A young girl reads a newspaper while leaning up against an older man — presumably her father or an older brother — in a dress shirt and suspenders.
A family relaxes on the front porch. The father reclines while he smokes a pipe, the seated toddler mirrors his daddy while the mother works on her sewing.
A man in a checkered shirt and a woman in a cardigan and glasses stand side-by-side, her arm draped around his neck. Another young couple, out on a date, stand outside the whites-only Liberty theater, which advertises a film from 1949, “Dancing in the Dark.”
All are blacks living in St. Louis, Missouri, Columbus, Ohio, Chicago, and Fort Scott, Kansas. They posed for the 20th-century African-American photographer, Gordon Parks, in 1950.
Parks, who worked for Life magazine as the only black photographer from 1948 to the late 1960s, took these and another 38 gelatin-silver photographs for an assignment he completed that was never published.
In the photographs and accompanying essay, Parks traced the lives of his childhood classmates from Fort Scott, who all attended the same segregated elementary school.
A mostly self-taught photographer, Parks left his hometown shortly after his mother died and before he completed high school. The Life magazine assignment marked Parks’ first return to Fort Scott as well as his first writing opportunity. Although he originally intended to trace the stories of his classmates in the town, he discovered that many of them had moved to larger cities.
“In the Fort Scott photographs, Parks digs deep into the lives of his former classmates. He is unafraid to show the good and the bad,” says an associate professor of history at the University of Virginia, John Edwin Mason, who’s writing a book on Parks.
“It’s an exploration of two things that hadn’t been seen before in photography: the visual results of the Great Migration and the black everyday,” he says. “The quotidian was something that was rarely seen. Life was comfortable with showing black athletes, celebrities and criminals. But everyday black people just didn’t show up.”
These photographs of Parks’ childhood friends will be on view at the Virginia Museum of Fine Arts in the traveling exhibition “Gordon Parks: Back to Fort Scott,” from July 23 to Oct. 30.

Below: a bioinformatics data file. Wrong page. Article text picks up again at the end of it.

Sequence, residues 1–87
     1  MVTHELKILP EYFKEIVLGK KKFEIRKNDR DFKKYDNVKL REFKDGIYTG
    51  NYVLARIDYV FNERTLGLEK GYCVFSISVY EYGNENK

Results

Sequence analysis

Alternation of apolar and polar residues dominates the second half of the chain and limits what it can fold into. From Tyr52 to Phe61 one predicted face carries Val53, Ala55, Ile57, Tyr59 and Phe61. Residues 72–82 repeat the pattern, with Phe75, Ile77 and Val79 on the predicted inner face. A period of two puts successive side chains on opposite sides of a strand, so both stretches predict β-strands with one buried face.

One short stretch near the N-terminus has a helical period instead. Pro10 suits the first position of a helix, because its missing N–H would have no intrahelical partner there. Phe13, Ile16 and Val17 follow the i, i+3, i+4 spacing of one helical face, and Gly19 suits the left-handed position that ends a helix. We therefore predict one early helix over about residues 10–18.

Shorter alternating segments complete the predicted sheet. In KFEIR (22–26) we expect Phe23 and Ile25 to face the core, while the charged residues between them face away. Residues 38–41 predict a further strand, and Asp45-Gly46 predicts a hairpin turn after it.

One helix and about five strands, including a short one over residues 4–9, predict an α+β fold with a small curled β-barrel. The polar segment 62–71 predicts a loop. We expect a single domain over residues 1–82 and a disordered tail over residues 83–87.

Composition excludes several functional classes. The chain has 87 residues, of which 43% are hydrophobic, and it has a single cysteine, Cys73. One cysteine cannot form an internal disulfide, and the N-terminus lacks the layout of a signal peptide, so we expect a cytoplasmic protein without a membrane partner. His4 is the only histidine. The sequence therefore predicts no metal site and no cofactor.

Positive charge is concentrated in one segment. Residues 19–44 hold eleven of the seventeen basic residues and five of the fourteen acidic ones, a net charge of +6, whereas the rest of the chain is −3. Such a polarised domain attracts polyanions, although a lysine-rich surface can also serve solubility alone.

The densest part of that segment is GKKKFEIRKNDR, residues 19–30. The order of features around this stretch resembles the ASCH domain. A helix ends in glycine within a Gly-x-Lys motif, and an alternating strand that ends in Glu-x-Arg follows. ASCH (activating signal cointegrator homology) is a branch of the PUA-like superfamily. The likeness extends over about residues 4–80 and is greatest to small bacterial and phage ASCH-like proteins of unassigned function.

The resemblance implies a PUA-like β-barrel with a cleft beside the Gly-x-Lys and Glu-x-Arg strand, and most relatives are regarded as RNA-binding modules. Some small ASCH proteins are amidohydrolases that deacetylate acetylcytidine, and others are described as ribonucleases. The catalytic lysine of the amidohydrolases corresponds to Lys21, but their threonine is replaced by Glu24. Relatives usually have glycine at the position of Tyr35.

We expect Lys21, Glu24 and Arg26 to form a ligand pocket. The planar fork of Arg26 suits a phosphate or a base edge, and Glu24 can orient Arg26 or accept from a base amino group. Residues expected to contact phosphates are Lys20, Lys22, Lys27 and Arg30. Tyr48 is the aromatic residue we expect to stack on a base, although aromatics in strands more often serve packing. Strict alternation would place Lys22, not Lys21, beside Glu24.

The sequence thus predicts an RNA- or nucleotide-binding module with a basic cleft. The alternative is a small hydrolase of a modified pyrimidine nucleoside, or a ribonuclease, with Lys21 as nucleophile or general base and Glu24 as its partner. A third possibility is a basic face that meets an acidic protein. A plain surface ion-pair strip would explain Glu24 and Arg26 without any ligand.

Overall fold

In contrast to earlier iterations of the exhibition elsewhere, the museum has added “Parks at Life: Works from VMFA’s Collection,” which offers eight additional photographs by Parks alongside copies of the corresponding Life magazine essay.
Sarah Eckhardt, the museum’s associate curator of modern and contemporary art, started acquiring Parks’ photographs for the museum in 2012.
“When I came to the museum, I wanted to build a civil rights collection, since we did not have one,” she says, noting that she bought the museum’s first Gordon Parks photograph, “Department Store, Mobile Alabama” (1956) in 2012.
“I also had the opportunity to buy a photograph that went along with the Stokely Carmichael article [which Parks wrote] in 1967,” she says. “Once I realized that Parks was [taking photographs and] writing for Life, I started looking for photographs that went with the articles.”
While Parks has been hailed as a photographer and filmmaker — and the museum will screen three of his films — his ability as a writer is less recognized. For Eckhardt, having copies of the Life magazine articles is essential because they display the photographs within their original context.
“I’m fascinated by his role as a writer and think it’s something that has been underexamined,” she says. “In his writing, Parks is speaking in such personal terms and with such conviction. Because he was the only African-American photographer for Life, which had a mostly white audience, he played a key role almost as a translator.”
As such, Parks offered his readers a firsthand look at the changing black identity in the 1950s and ’60s by focusing on such topics as family dynamics, juvenile delinquency in Harlem, the black power movement and the Nation of Islam.
“Parks had a tremendous influence on shaping how the American public understood racial issues. Life magazine was where Americans went to get their visual news. It had a huge audience,” Mason notes. “He was aware that because he was the only black photographer at Life, he was under scrutiny. He would ask himself if he was doing justice to his stories as a journalist and then also as an African-American.” S
“Gordon Parks: Back to Fort Scott” opens at the Virginia Museum of Fine Arts on July 23 and runs through Oct. 30. For a complete list of related programs, see vmfa.museum.